While many people had parents to raise them their entire lives, Peter didn’t. Just a simple task like getting water at such a young age has taught him the necessities to not only survive but to have the drive to accomplish all that he sets out to do. “I’ve been independent all my life. I put myself through schooling. I had to work by keeping up all types of jobs.”

“I remember there was a farm in Nigeria. I was tilling the soil each day for around 18 hours, sleep for five hours and go back the next day, my back hunched over with an Indian hoe. I did this to keep my brother and mother fed,” recalls Ajoku.

One thing that kept Peter moving every day, while bent over under a sun that even the most seasoned Riverside local would call too damn hot, was music. He remembers how he would spend the days singing as loud as possible while digging through clay-like dirt to hopefully create something to plant. It was in these dirt fields that he wrote his first song, “Momma Don’t Cry.” He was 14 years old and constantly kept his troubling mother on his mind while working. He wrote the song for her.

Ajoku’s life in Africa shaped him into the caring and thoughtful individual he is today. He doesn’t feel like he was dealt the wrong card. He embraces the numerous obstacles that he has faced and uses them to become a better person. But Africa wasn’t the end of his struggles.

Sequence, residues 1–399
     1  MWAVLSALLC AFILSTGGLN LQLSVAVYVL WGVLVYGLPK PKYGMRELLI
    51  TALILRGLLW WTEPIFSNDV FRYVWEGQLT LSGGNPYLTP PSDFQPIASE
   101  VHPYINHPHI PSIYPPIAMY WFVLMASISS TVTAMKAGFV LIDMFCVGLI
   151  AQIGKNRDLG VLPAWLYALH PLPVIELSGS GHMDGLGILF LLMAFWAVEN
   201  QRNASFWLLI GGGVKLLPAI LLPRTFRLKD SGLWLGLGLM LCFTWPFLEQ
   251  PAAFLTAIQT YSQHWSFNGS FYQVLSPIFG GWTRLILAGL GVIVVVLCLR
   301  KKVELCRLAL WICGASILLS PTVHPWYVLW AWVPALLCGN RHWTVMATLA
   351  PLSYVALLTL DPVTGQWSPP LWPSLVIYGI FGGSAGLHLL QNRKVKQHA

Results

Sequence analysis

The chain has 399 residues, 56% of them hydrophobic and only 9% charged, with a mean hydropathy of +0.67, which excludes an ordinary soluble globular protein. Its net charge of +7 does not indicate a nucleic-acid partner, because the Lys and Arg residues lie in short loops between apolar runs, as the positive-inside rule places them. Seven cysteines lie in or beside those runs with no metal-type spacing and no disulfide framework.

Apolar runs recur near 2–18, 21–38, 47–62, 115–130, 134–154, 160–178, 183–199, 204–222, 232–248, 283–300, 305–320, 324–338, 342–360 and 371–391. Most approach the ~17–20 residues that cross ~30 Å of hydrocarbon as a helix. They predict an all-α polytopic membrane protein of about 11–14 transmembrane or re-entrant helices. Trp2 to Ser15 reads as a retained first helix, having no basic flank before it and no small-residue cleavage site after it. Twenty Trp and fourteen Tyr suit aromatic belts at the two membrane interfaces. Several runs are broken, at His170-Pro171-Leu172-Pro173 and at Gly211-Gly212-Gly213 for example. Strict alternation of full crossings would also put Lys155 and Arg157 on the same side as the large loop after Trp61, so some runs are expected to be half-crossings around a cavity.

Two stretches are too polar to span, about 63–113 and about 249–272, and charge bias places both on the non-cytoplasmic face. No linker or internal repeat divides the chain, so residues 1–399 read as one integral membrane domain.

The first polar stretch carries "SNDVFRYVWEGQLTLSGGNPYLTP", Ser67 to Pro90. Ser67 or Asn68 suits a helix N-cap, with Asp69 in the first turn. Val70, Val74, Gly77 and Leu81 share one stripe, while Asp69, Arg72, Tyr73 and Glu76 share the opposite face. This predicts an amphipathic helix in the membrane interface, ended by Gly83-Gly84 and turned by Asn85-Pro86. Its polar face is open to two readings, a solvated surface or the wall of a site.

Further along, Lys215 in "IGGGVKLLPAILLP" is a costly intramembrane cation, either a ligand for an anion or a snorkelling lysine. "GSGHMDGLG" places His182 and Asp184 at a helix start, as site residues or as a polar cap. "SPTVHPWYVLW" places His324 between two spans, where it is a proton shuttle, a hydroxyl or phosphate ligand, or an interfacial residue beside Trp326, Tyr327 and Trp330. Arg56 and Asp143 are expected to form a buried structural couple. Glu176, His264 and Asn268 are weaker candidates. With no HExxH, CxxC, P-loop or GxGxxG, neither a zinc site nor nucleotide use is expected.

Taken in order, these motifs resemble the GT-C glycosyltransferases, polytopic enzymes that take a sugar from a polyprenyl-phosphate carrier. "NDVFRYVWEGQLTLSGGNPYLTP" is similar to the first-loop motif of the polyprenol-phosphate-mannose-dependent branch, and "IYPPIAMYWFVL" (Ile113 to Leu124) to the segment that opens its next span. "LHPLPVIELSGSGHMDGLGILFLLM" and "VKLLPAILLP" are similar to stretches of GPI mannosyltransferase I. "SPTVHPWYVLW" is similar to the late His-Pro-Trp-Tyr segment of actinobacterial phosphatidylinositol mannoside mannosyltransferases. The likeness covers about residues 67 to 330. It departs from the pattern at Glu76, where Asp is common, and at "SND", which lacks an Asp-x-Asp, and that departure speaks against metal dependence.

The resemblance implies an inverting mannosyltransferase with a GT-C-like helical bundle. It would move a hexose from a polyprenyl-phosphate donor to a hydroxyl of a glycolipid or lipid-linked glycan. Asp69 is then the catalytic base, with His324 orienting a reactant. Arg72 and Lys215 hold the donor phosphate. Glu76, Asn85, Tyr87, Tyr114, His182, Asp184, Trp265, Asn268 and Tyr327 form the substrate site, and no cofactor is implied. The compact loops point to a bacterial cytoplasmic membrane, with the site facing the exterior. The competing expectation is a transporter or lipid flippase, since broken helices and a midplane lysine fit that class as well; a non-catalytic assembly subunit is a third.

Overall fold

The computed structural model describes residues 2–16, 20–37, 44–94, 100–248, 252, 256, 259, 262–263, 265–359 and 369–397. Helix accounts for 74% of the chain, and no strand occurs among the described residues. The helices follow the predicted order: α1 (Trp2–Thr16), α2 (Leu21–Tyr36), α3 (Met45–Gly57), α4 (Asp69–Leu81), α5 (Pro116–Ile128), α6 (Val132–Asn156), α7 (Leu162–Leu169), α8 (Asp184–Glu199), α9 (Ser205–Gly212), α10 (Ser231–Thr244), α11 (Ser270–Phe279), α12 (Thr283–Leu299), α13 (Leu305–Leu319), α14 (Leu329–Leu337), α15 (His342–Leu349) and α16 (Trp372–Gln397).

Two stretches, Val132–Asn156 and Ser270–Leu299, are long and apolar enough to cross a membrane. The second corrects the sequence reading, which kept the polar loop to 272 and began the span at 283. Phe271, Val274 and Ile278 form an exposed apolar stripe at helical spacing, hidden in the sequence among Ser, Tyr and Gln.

One day after school in his junior year of high school in Nigeria, he received a phone call. It was his dad, who he hadn’t seen or heard from since he was two years old. His father wanted him and his brother to come to Chicago so he could finally take care of them. Peter couldn’t believe it. He was astounded. After talking it over with his brother and hearing the mistrust their mother had for their father, they decided to go anyway. He wanted the opportunities that he saw in his father and America.

Ajoku and his brother first moved to their dad’s home in Chicago, but he then moved them out to Fontana to start a new life. He was ecstatic to finally get the opportunities that many students have with parents watching over them, but things quickly turned for Ajoku and his 16-year-old brother. After only seven months of being in the U.S. his father left them in Fontana and moved back to Chicago for work. They were once again left to fend on their own.

Ajoku eventually graduated high school without any help from parents. He and his brother shared a room in his dad’s ex-wife’s house in Fontana when he started community college, riding his bike 15 miles just to get to school, then to work and finally home to get a few hours of sleep. Peter spent two and half years at community college before he found himself holding an acceptance letter from the University of California, Riverside.